So This is Christmas

            I must admit that as I entered into last Sunday’s service, I had lofty expectations.  I know that Pastor Nate’s message is titled Give More, and my inner advocate for social justice is ready for the hard hitting, no-holds-barred assault on self-centered “me”-ism.  I am anticipating a focus on charity and a good Christmas-themed giving message.

            As the teaching begins, things are progressing nicely.  God is a giver of good gifts.  Amen.  He gave humanity his greatest gift, his son, Jesus.  Got it.  The world is full of evil and awful things. Wait… what? Did I miss something?  Are we really going to tackle the problem of how a good God allows evil to happen… in a Christmas message?  I am ready for a comfortably predictable talk about helping the less fortunate.  This is bit much! 

            The question of evil has plagued the minds of mankind for our entire collective history.  It is no doubt fresh in the minds of many as recent events in the news continue to showcase human suffering.  While unexpected, a message like this could not be more timely.

            How can a good and loving God allow so much suffering in the world?  I have heard the question asked, and I have heard several people attempting to answer.  Outspoken atheists take to Twitter to ask “Where is your god now?” while members of the Westboro Baptist Church (the “God Hates America” group) proclaim, “God sent the shooter.”  With all of these competing and confusing voices, we are in need of some clarity.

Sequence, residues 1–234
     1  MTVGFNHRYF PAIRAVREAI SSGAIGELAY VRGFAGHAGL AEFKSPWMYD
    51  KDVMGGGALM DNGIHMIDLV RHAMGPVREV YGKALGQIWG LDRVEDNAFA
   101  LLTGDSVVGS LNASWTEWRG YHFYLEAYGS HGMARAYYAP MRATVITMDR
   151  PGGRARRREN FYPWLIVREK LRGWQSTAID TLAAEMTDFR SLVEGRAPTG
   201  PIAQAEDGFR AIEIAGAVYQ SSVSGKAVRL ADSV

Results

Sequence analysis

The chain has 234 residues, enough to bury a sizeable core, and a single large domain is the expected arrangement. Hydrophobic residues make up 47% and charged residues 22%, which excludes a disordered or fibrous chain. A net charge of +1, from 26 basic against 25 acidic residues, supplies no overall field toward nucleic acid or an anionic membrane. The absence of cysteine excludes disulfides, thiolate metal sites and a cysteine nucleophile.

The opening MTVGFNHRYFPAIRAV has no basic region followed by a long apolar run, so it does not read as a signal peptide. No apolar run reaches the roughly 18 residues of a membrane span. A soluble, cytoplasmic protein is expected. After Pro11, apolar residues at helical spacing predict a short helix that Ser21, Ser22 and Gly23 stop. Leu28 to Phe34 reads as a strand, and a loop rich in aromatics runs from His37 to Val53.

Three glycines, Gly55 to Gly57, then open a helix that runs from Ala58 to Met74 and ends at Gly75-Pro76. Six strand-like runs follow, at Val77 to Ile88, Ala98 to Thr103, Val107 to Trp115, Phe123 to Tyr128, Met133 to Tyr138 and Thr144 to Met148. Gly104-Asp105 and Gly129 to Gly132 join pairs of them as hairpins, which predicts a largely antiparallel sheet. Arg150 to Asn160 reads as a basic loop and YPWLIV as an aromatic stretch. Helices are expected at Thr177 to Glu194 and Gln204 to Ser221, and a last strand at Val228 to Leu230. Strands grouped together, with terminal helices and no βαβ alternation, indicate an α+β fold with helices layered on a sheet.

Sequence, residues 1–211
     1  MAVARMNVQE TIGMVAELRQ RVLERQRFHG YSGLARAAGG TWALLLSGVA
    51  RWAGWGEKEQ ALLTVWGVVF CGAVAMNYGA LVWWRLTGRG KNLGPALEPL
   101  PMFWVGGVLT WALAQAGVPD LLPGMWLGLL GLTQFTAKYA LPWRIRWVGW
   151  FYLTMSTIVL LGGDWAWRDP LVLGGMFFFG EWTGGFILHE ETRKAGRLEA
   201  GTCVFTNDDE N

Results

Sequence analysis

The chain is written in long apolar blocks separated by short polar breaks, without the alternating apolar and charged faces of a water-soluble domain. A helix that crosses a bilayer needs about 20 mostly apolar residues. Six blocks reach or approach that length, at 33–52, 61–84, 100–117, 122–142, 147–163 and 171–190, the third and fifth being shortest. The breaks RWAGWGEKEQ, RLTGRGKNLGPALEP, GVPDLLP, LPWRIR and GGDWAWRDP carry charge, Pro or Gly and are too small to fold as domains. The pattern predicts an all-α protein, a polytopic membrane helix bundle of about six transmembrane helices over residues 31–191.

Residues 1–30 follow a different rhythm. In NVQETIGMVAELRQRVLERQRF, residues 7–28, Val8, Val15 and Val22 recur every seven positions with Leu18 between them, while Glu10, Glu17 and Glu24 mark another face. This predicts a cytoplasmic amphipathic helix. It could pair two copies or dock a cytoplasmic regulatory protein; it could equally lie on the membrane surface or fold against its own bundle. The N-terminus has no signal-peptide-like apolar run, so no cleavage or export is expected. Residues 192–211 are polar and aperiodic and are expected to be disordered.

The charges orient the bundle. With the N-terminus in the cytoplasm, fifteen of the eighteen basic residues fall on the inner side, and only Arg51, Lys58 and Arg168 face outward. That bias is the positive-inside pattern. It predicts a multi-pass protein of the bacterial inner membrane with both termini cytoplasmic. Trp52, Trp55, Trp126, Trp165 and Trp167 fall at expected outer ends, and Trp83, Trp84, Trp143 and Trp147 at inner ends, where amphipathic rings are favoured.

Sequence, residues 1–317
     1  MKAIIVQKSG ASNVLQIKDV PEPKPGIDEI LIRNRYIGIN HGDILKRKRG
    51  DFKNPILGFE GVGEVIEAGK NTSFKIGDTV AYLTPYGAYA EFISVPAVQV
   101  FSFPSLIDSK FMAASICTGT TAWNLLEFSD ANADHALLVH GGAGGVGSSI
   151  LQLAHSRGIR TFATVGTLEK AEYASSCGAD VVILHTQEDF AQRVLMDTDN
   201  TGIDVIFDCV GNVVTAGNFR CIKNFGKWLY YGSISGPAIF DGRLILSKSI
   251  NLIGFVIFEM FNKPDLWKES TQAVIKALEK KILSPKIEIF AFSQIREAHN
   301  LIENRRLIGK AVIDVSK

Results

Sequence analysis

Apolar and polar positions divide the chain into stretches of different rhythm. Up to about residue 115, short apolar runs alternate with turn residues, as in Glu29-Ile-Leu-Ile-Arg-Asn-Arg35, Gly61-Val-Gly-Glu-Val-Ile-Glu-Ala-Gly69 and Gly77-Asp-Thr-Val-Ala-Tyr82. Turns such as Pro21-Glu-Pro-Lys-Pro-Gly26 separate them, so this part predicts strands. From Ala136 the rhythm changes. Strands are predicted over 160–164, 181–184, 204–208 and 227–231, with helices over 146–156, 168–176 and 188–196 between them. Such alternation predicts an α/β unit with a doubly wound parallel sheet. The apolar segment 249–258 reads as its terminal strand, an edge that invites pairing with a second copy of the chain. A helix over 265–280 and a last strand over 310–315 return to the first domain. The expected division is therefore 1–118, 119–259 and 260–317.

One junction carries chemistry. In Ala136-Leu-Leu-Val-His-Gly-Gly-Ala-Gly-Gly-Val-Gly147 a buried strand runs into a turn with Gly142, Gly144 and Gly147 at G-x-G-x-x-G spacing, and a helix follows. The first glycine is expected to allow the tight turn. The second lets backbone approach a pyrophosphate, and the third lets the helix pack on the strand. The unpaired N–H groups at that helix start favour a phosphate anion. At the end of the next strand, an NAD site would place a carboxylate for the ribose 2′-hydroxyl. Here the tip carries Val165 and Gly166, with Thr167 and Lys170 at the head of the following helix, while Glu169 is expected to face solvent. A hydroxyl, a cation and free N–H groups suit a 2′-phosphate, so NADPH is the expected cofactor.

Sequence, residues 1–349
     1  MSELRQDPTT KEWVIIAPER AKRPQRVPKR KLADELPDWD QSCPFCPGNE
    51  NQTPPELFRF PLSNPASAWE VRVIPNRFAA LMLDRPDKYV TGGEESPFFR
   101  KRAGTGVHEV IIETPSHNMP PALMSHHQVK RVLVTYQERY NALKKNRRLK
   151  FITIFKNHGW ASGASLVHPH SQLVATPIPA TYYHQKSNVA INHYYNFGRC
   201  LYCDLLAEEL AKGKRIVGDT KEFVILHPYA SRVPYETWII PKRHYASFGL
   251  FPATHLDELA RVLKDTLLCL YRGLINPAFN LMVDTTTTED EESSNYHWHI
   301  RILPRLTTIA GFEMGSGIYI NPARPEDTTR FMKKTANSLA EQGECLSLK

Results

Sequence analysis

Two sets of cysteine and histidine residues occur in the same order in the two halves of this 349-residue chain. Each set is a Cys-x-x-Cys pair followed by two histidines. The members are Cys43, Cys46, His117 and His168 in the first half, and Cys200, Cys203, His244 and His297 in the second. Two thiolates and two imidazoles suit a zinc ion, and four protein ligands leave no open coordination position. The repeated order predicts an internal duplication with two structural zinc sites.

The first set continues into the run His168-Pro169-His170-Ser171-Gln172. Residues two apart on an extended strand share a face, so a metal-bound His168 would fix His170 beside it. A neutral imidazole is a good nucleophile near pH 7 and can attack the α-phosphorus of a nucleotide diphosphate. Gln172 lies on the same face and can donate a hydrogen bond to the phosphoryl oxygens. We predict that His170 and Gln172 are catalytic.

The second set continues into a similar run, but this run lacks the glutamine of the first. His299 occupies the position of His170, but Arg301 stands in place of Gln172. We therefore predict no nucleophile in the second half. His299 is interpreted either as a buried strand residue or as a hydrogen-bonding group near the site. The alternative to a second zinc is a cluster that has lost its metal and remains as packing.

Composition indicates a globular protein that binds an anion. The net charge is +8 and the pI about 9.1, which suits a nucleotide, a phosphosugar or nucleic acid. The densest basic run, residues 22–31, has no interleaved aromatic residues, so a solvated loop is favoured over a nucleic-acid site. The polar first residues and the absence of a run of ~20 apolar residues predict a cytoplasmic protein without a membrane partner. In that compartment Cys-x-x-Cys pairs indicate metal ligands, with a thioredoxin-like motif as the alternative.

We believe that God is good and is the giver of good gifts.  We acknowledge that we are sinful and fallen.  Despite our sinful and fallen state, God continues to bless us with gifts.  Evil is a result of the collective sin of mankind.  We continue to do what we think is best, instead of following God.  But, contrary to what the Westboro folks would have us believe, God is not angrily smiting mankind for one or two specific sins. God is still good and is still the giver of good gifts.

            So how does all of this fit into Christmas?  When we see suffering around us, our tendency is to feel hopeless.  It is in that hopelessness that we can find hope.  God gave us the gift of Jesus.  That is the essence and message of Christmas.  We were hopeless, and we received the gift of hope. 

            I did not hear the predictable Christmas sermon about giving that I expected to hear on Sunday. I suppose my lofty expectations were set a little low. But any time I can get some answers to one of life’s major questions, I’ll take it! 

Blog entry by: Jeff Hyson